The figures are as dire as anywhere in the world. In a nation of 65 million people, most under the age of 15, only 51 per cent of the children enrol at primary school and more than a third of those drop out before the end of their first year.
Class sizes range between 50 and 100 or more. On average, one textbook has to be shared between seven pupils. The adult literacy rate is 15 per cent. Not surprisingly, most teachers (who have just had a pay rise taking their monthly earnings to pound;67) get out of the classroom as soon as they can find another job.
Prime minister Meles (who, a decade ago, gained an MBA through the Open University with the highest mark ever recorded while at the same time struggling to stop his country disintegrating into anarchy) is in earnest and in a hurry. Education is his passion.
And that is why more than 60 British teachers are in Ethiopia devising new curricula in the education ministry, training Ethiopian colleagues in "student-centred" methods, and demonstrating best classroom practice.
They are all volunteers with Voluntary Service Overseas. Some have taken early retirement but others have taken time out from their jobs in the UK. I have never met more inspired or inspiring people. They face a huge challenge but, working in partnership with a government that is listening and learning, they are starting to move mountains. And they delight in their work. They are helping to make the future and they know it.
Does this appeal to you? If so, do read the report which VSO and the Institute of Education are launching today (see www.vso.org.uk). It has a clear and simple message for heads and local education authorities: don't miss the chance to let your teachers make that kind of difference - not only for their sake but for yours as well.
You don't need me to remind you that almost every school in the UK suffers an alarming rate of attrition as teachers fall by the wayside, often after a few years in the classroom. You know how much talent is seduced away from the pressures of teaching by firms hungry for their skills who can come up with packages - career breaks, flexible working, not to mention higher salaries - that seem irresistible. As a result, keeping the brightest and best in the classroom becomes ever more difficult.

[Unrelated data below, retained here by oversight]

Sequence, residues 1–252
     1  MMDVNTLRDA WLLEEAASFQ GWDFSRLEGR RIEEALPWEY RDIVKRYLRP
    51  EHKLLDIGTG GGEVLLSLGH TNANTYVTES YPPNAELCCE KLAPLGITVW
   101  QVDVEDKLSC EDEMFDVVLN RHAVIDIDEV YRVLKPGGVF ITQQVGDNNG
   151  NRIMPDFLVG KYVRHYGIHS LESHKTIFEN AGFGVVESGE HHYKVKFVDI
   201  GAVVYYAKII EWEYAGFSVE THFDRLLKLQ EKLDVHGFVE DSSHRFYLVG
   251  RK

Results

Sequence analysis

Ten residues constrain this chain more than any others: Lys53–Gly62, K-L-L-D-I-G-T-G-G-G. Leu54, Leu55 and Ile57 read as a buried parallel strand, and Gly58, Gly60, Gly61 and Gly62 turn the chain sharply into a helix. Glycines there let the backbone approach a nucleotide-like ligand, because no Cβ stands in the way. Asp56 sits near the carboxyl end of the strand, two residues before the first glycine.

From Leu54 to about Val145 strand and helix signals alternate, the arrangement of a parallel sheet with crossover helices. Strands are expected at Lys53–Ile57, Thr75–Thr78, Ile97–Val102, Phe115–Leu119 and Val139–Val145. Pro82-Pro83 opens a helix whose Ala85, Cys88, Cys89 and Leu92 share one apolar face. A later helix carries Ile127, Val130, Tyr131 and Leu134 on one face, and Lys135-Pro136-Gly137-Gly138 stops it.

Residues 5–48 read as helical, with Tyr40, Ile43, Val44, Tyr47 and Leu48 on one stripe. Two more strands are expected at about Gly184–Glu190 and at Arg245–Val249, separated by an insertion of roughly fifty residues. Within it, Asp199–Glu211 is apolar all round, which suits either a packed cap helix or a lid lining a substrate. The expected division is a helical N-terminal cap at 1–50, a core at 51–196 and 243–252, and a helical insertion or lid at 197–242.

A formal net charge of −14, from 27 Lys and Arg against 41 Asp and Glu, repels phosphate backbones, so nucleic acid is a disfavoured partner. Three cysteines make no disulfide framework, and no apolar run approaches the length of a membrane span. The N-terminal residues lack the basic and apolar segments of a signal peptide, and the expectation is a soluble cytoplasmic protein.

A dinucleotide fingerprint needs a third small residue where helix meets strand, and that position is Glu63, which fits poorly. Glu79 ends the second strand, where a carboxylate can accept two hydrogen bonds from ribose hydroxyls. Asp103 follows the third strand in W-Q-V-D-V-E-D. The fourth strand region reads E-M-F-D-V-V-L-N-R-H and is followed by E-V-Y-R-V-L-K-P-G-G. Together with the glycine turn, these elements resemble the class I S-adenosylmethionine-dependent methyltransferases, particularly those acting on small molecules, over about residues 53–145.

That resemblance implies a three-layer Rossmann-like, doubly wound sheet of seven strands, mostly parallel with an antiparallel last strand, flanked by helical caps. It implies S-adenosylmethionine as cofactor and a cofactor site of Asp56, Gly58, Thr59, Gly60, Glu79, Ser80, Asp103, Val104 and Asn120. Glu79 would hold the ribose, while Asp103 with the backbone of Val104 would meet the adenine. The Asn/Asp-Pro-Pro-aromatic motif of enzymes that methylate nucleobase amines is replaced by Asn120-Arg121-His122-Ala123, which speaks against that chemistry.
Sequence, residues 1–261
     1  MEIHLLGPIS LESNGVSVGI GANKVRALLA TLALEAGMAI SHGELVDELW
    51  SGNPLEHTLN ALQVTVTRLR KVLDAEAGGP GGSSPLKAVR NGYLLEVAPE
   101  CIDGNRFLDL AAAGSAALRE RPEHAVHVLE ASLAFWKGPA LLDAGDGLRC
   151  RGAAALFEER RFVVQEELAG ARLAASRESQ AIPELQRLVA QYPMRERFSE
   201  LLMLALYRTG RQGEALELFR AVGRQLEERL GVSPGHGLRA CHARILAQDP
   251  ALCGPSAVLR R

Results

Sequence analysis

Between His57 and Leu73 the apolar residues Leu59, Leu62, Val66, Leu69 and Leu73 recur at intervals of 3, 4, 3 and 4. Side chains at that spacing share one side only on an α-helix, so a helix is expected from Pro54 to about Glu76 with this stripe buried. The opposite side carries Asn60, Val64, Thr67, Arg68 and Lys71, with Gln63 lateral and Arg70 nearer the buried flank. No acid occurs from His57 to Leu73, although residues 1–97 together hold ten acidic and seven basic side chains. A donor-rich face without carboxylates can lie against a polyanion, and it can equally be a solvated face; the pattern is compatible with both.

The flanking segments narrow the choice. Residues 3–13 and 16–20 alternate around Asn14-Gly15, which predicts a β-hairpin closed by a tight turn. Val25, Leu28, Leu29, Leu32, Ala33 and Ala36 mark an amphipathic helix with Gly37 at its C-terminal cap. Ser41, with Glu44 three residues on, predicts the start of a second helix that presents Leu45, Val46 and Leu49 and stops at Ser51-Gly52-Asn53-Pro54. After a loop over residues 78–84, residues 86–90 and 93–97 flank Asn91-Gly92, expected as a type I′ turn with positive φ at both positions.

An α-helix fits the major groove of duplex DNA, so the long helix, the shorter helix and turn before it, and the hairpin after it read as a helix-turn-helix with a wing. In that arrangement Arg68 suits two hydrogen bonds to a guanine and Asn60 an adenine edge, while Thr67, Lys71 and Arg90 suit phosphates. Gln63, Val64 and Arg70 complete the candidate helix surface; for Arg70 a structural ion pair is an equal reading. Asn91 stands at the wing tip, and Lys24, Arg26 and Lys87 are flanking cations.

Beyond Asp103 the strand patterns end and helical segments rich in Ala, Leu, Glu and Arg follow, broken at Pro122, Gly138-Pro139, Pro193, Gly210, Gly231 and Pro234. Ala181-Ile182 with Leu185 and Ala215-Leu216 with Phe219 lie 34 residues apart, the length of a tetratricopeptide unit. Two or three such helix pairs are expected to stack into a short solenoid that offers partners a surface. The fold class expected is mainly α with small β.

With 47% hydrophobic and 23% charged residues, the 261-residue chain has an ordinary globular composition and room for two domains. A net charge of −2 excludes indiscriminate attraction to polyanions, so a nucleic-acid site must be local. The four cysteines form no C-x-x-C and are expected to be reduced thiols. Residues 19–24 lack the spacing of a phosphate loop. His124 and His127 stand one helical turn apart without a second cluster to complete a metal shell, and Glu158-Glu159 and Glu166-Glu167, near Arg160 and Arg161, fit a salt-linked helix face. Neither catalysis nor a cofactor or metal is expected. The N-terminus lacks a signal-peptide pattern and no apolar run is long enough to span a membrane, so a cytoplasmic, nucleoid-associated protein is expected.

This is where VSO can come to your rescue. A VSO placement not only makes a lasting contribution to "skill-sharing" and "sustainable development" in the poorest parts of the world but can also have an impact on teacher retention in the UK.
Our joint report reveals that, among that critical group aged between 31 and 35, more than 78 per cent of primary and almost 60 per cent of secondary teachers return to education here after VSO placements.
And that is not all. Not only are retention levels significantly higher among returning volunteers but so is their commitment to stay in education. VSO offers a "win-win" option: a win for education in the developing world and a win for education at home.
Far too many heads still fail to grasp this. They regard a two-year placement with VSO as "time out". They don't seem to appreciate what happens to a teacher whose character and personality have been tested to the limit, who has had to adapt to a different culture, acquire new skills, forge new relationships and take on unprecedented responsibilities.
By contrast, the corporate sector is fast waking up to the value of VSO. Shell, Accenture and McKinsey are just some of the international firms seconding high-flyers to VSO - knowing that providing such opportunities helps them to recruit and retain the brightest graduates.
So, headteachers, have a re-think. That six-week "sabbatical" suggested in government guidelines is hardly enough to re-enthuse stressed-out teachers. A two-year sabbatical is more likely to keep teachers at school in the long term than keeping their noses pressed to the blackboard. Encourage them - do VSO and help change the world.
Broadcaster Jonathan Dimbleby is president of VSO